What was referred to as “the Air Element” suffered an identity crisis for the next seven years because with unification, unlike the Army and Navy, which kept their separate identities and command structures in Mobile Command and Maritime Command, air assets were dispersed throughout the CF. Some of these problems were solved with the formation of Air Command in Winnipeg on 2 September 1975. Air Command was given responsibility for all Canadian military air assets (“everything that flies”), including policy and standards for training and flight safety. However, operational control (OPCON) of tactical aviation and maritime air units remained with their respective land and naval force commanders. Air resources were organized into functional groups such as Air Transport Group and Air Defence Group. The groups that served the land and maritime components of the CF, 10 Tactical Air Group (10 TAG), and Maritime Air Group (MAG), continued to function as integral operational formations of their respective commands. At the same time, they responded to Air Command for all other requirements, such as administration, professional training, maintenance, career management, and flight safety.

The Air Force entered the 1980s with a sense of renewal. New equipment, such as the CF18 Hornet, the CP140 Aurora, and modernization of the North Warning System, were all seen as indications of the reinvigoration of Canada’s Air Force under Air Command. However, there was very little accomplished to promulgate air force doctrine. Without a coordinating body, by 1981, air doctrine could be found in 58 different documents.[13] To address the problem, the Commander of Air Command (Comd AIRCOM) convened an Air Doctrine Symposium in 1984, consisting of senior officers from every part of the Command. Among other things, the Symposium’s deliberations led to the formation of the Air Force Doctrine Board, which assumed responsibility for the development of the B-GA-400 series of Aerospace Doctrine Manuals.[14]

However, as the cold war came to an end in 1989, there was a sharp reversal in the Air Force’s fortunes and a subsequent reduction in personnel and equipment. During the later stages of the cold war, few people recognized the need for coherent air force doctrine. Many believed that since the Canadian Air Force was committed to specific roles in NATO and NORAD, the doctrine of those organizations would suffice. But lacking the guidance of Air Force doctrine, National Defence Headquarters (NDHQ) staffs found it difficult to prioritize the numerous projects that comprised the air portion of the capital budget.

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Post-Cold War

By 1994, the government decided to reduce the Canadian Forces from 80,000 to 60,000 Regular Force personnel and to dispose of both equipment and facilities. Along with the other commands, Air Command reduced its level of Regular Force personnel and equipment so that it could fulfil its major assigned roles within a defence budget that had been reduced by one-third. The resulting cuts to staff and equipment saw a major reduction in the number of Air Force personnel and a 50 per cent reduction in aircraft. At the same time, the reductions in Regular Force personnel were offset to a small extent with the increase in the size of the Air Reserve from 1,000 to 3,000 members, or approximately 19 per cent of Air Command’s military strength.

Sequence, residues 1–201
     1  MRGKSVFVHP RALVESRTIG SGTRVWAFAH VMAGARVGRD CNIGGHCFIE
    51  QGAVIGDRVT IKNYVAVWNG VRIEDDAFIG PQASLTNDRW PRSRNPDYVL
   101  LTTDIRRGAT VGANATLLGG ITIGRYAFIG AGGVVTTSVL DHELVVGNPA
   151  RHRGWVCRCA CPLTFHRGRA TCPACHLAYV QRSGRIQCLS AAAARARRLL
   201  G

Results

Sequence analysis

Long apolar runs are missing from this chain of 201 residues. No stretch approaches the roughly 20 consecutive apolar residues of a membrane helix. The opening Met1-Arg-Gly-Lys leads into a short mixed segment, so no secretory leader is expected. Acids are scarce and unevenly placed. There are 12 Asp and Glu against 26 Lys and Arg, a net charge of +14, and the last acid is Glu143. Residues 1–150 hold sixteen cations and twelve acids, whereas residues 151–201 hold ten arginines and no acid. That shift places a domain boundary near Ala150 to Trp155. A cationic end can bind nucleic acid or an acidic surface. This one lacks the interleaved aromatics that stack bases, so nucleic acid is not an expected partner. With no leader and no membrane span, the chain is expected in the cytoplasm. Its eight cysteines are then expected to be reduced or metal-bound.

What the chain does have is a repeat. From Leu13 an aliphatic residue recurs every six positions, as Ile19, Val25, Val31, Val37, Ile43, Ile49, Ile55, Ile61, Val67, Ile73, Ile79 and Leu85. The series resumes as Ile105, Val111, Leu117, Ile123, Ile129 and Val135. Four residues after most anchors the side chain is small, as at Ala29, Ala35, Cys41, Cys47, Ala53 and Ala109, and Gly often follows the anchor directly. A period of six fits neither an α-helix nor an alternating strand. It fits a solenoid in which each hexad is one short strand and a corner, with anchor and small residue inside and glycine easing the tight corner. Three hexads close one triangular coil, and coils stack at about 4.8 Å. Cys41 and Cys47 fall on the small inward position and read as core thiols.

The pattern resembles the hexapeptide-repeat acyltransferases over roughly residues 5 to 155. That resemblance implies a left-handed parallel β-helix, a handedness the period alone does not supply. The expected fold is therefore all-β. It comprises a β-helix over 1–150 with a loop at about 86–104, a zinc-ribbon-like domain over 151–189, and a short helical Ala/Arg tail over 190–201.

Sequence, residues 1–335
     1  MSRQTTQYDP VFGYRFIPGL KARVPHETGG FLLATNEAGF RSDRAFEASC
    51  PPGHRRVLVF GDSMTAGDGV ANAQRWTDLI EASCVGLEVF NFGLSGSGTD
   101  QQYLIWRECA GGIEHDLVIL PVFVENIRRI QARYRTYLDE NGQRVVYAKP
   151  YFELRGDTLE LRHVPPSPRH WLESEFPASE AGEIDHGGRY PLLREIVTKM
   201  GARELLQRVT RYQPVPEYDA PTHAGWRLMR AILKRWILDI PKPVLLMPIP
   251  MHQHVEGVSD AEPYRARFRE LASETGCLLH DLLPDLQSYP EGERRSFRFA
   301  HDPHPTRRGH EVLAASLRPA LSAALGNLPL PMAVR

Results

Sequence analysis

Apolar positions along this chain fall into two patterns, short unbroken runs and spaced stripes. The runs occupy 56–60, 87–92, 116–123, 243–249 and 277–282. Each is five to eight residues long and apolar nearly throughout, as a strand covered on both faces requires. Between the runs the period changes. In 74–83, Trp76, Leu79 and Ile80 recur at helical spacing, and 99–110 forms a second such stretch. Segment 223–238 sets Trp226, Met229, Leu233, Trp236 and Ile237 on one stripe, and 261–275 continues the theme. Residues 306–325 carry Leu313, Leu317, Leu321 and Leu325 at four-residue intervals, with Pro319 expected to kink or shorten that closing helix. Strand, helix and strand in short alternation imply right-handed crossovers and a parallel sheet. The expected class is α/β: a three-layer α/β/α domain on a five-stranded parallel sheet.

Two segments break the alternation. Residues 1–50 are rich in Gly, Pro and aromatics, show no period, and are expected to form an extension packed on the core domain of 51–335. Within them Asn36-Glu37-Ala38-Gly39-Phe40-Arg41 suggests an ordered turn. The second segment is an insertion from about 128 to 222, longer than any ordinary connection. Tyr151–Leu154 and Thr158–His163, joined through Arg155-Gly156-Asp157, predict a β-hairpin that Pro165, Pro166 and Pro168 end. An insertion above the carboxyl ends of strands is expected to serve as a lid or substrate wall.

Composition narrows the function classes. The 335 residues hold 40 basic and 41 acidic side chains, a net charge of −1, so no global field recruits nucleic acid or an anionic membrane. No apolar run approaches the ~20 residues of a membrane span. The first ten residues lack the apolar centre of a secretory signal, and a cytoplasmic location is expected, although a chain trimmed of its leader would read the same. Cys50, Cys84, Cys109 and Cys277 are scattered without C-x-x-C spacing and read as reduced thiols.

This period also saw the Air Force’s command structure realigned. In the summer of 1997, the functionally based groups (Transport, Fighter, Maritime, Air Reserve, and 10 TAG) were dissolved, and 14 Training Group was absorbed within Air Command Headquarters. 1 Canadian Air Division was stood up in Winnipeg to exercise operational command (OPCOM) of all CF air assets. At the same time, the Commander of Air Command also became the CAS and was relocated to NDHQ with a small staff. Concurrent with the stand-up of 1 Canadian Air Division, the publication of Out of the Sun – Aerospace Doctrine for the Canadian Forces captured the significant restructuring and cultural changes of the 1980s and the 1990s. The 1990s also witnessed the birth of joint CF command and control (C2) structures. This had a major impact on the Air Force, which was assigned an almost exclusively force generation role, except for routine operations. Force employment became the purview of the Deputy Chief of the Defence Staff (DCDS) organization for all contingency operations.

After the end of the cold war, many expected that the “peace dividend” represented by the cuts to the CF would be permanent in a relatively benign international climate. But the events of that decade were to change the view of almost all regarding the nature of the post-cold war world. Instead of a stable and peaceful international community, the loss of the bipolar balance of power brought forth regional and terrorist unrest and conflict on a global scale. Canada’s involvement in the Gulf War, and in the Balkans and other international operations, especially following the 11 September 2001 terrorist attacks, quickly revealed that the cuts to the Canadian military and the years of consistent reduction to the defence budget had severely constrained the military’s ability to maintain the high operational tempo demanded by government commitments.